Rich Wagner was one of the early racquetball pioneers to make his way from Anywhere, USA by thumb and bus to the San Diego racquetball mecca. The only private club in the USA at the turn into the 1970s was Mel Gorham's Sports Center on Turquoise Street … a forehand with the small racquet from the Pacific beach. Wagner, and dozen of others, gathered at the club in the morning, ran the beach at low tide, partied late into the night, and slept in their vehicles or crammed into beach flats.

Handball legend Paul Haber was the club manager. There were no money tournaments but hospitality provided girls in bikinis and banquets. The draw sheets reached out the club lobby into the street with up to a thousand entrants. This is called the Golden Era of Racquetball spawned by its three originators: Bud Muehleisen, Carl Loveday and Charles Brumfield, all San Diego world champions of various racquet sports.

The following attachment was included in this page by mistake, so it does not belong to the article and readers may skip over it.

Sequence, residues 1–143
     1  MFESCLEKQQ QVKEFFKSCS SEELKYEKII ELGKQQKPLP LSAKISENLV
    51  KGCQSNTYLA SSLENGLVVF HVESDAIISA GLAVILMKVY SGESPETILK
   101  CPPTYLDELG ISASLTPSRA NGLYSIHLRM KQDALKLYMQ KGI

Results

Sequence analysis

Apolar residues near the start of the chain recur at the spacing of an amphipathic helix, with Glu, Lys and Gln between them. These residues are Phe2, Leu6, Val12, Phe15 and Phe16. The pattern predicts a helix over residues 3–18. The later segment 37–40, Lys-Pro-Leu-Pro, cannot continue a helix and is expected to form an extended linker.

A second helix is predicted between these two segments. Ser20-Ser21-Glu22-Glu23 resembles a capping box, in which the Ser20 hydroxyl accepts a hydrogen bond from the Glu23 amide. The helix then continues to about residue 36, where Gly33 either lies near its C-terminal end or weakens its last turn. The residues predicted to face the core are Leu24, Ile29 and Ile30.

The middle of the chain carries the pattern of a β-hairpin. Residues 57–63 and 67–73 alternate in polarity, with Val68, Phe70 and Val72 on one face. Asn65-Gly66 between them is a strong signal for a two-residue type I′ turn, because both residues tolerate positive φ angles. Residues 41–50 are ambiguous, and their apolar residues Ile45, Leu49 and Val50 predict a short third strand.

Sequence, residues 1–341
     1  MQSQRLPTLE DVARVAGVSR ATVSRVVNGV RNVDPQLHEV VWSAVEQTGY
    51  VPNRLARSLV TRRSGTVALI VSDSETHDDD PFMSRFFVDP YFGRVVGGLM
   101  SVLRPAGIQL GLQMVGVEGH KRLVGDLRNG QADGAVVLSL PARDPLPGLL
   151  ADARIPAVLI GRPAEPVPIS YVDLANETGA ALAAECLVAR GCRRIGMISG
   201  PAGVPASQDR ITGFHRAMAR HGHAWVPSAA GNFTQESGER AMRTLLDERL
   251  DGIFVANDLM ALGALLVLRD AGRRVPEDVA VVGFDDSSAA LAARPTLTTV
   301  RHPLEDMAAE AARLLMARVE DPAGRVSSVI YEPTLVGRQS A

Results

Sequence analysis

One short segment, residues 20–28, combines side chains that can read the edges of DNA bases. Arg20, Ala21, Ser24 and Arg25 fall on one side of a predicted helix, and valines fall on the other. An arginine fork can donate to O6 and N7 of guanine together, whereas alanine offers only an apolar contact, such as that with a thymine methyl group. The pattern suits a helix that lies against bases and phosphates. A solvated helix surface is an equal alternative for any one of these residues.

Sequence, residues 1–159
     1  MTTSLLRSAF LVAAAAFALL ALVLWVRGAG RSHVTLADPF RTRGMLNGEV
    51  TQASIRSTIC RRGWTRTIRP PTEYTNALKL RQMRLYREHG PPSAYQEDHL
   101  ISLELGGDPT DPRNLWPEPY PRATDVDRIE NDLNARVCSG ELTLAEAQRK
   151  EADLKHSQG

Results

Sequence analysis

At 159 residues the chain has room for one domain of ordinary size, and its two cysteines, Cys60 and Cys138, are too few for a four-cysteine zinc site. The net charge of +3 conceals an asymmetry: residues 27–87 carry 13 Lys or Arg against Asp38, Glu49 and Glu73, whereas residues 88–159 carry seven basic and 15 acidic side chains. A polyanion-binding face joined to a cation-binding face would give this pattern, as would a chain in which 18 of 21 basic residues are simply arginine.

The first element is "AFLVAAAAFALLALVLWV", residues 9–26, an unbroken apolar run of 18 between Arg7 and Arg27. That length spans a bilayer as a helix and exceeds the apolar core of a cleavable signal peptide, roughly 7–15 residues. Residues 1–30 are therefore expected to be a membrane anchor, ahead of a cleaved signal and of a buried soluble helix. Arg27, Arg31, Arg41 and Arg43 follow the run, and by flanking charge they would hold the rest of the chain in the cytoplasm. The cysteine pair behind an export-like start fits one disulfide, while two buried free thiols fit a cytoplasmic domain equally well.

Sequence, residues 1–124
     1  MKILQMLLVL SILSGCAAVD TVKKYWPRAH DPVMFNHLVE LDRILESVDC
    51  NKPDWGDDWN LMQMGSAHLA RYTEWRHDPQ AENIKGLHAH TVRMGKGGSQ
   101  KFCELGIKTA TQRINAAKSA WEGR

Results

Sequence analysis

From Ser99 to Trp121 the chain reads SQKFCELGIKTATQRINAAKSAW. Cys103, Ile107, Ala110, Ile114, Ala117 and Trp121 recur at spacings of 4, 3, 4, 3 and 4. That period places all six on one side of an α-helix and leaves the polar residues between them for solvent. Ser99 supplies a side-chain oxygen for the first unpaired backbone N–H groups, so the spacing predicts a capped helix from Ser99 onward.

I started an anonymous sponsorship for arriving players like Wagner and hooked the superior ones up with the two budding racquet manufacturers Leach and Ektelon. Bud Leach and Bud Held, respectively, were cranking a handful of racquets per week out of a garage and shed. Wagner signed with the Leach stable and ran 4th-8th nationally through the Golden Era 70s. His style was dive and shoot.

(From the upcoming book 'Racquetball Stars of the Golden Era'. Photo by Art Shay with permission.)


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